Preparing the Body for Cremation
The body is then prepared for cremation. The cremations which took place at Dr. Lemoyne's Pennsylvania crematory, where "preparation would include wrapping the body in a linen sheet and a type of plaster...then covered in herbs, spices, pine branches and flowers in an attempt to mask the scent during burning", (according to Ms. Sickles, a New York Herald reporter wrote upon observing the preparation of one particular individual cremated in 1876). Today, the individual's personal effects and surgical appliances (such as a pacemaker) are removed, and the body is then placed in a cremation casket selected by the family, or alternative cremation container. A metal identification tag is added, to ensure proper identification throughout the cremation process. It will be cremated with the body to allow for proper identification of the cremated remains when removed from the retort.
At the Crematory
Once a deceased individual arrives at the crematory, his or her identity is once again verified by all professionals involved. If the required waiting period (anywhere from 24 to 72 hours) has yet to expire; the individual will be placed in a refrigeration unit for safekeeping. When this period has been satisfactorily completed, the individual will be placed with all due care into the retort for the actual cremation process.
It usually takes about two, to two-and-a-half hours for a body to be completely reduced to just the bone fragments by the cremation process (the time involved is largely dependent on the age of the retort being used, but the size and weight of the physical remains is also a factor).
Once the cremation is complete, there needs to be a cool-down period, so the bone fragments are sufficiently cooled before handling. When cooled, the cremated remains are respectfully removed by being carefully “swept” from the retort. Afterwards, all metal debris (such as a surgical pin or titanium joint) is removed manually from the cremated remains.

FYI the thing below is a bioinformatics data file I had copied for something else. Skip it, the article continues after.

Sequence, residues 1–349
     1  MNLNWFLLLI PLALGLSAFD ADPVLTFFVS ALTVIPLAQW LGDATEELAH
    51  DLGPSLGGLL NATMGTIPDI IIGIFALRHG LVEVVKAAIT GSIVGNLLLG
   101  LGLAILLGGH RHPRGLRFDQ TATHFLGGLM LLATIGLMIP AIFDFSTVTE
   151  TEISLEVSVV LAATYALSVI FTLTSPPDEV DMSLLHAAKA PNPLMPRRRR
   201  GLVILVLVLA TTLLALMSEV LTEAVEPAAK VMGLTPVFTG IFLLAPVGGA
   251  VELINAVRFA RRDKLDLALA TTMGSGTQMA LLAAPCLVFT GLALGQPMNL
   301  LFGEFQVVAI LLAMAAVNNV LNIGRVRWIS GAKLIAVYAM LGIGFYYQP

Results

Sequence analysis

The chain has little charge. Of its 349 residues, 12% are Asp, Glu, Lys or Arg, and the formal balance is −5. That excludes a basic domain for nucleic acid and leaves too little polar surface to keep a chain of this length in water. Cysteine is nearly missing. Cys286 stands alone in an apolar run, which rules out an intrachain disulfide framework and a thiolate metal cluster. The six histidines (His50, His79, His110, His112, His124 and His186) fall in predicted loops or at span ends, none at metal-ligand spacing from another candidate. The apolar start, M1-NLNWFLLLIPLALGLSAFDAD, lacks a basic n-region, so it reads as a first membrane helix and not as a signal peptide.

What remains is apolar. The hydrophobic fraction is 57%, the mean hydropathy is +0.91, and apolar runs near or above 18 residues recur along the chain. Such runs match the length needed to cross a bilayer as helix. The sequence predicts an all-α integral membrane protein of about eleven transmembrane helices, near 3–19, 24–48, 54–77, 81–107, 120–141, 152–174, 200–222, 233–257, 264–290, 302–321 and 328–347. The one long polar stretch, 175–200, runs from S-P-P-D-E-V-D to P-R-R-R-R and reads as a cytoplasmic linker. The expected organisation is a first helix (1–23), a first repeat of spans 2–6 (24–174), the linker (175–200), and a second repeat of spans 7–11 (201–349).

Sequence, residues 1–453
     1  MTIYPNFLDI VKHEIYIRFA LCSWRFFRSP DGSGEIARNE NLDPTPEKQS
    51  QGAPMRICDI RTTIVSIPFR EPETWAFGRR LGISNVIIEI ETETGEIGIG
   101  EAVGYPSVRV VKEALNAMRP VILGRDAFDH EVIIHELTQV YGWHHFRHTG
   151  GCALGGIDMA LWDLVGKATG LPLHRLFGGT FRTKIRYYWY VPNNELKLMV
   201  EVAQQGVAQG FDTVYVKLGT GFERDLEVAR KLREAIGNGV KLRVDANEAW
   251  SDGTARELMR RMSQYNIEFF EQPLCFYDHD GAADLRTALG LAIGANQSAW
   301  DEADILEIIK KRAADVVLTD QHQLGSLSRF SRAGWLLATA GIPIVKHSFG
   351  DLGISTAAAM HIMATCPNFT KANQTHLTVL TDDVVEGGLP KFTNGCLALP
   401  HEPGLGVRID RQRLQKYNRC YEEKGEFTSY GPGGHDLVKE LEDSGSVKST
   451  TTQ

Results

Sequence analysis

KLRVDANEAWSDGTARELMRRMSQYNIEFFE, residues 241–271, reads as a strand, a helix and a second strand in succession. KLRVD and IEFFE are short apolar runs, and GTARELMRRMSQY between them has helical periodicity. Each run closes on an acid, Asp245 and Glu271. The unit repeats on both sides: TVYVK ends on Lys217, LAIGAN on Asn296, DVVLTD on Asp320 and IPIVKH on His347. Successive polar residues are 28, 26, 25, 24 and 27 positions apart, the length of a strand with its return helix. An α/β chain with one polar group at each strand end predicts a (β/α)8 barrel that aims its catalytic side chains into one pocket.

What remains is then put into a special processor designed to pulverize the bone fragments to a finer consistency. This material, commonly known as "ashes", is then placed inside a plastic bag within a temporary plastic or cardboard cremation container. Finally, arrangements are made for their transfer and safekeeping consistent with original paperwork signed by the next of kin.
Let's Briefly Talk about the Funeral Rule
Did you know, when you're shopping for funeral service providers–including those offering direct cremation–you're protected by something called the Funeral Rule? Enacted by the Federal Trade Commission in 1984 (and amended some ten years later), the Funeral Rule was intended to ensure American consumers receive enough factual information about the goods and services available to them from a funeral home or direct cremation provider. Here are the important points about the Funeral Rule you'll want to be aware of:
You have the right to select only the services and products you want.
You do not have to pay for embalming unless you've authorized it.
When choosing direct cremation, you do not have to buy a casket.
Prior to the arrangement conversation, a cremation or funeral provider is required to give you a set of documents, including the General Price List, the Casket Price List, and the price list for outer Burial Vaults.
You are allowed to get pricing information over the phone. This makes shopping for cremation services easier on everyone in the family.
You must receive a detailed written statement of the exact goods and services you are buying immediately upon completing cremation or funeral arrangements.
The Funeral Rule makes it possible for you to compare prices between funeral service providers, but you should be aware the "rule does not apply to third-party sellers, such as casket and monument dealers, or to cemeteries that lack an on-site funeral home." (For more information on the Funeral Rule, consult the Federal Trade Commission.)
Turn to the Cremation Experts
We consider ourselves cremation professionals meaning we continue to pursue excellence in all things. Certainly, we're very familiar with the cremation process; yet we add to our expertise by attending on-going continuing education courses regarding state-of-the-art crematory equipment and operations. Have you ever asked yourself the questions; can you scatter ashes anywhere; we've answered every question you may have. If you have questions about any aspect of cremation–its history, the cremation process itself, or what's involved in making cremation arrangements–we're here to assist you. Simply call us at (301) 739-5498, or send us an email using the form on our Contact Us page. We will be pleased to hear from you.
Kim, Michelle, "How Cremation Works", How Stuff Works, Kim, Michelle. "How Cremation Works", 2009, accessed 2014
Davis, Douglas and Lewis Mates, editors, Encyclopedia of Cremation, Ashgate Publishing Limited, 2005
Raymond, Chris, "What is Direct Cremation?", About.com, accessed 2014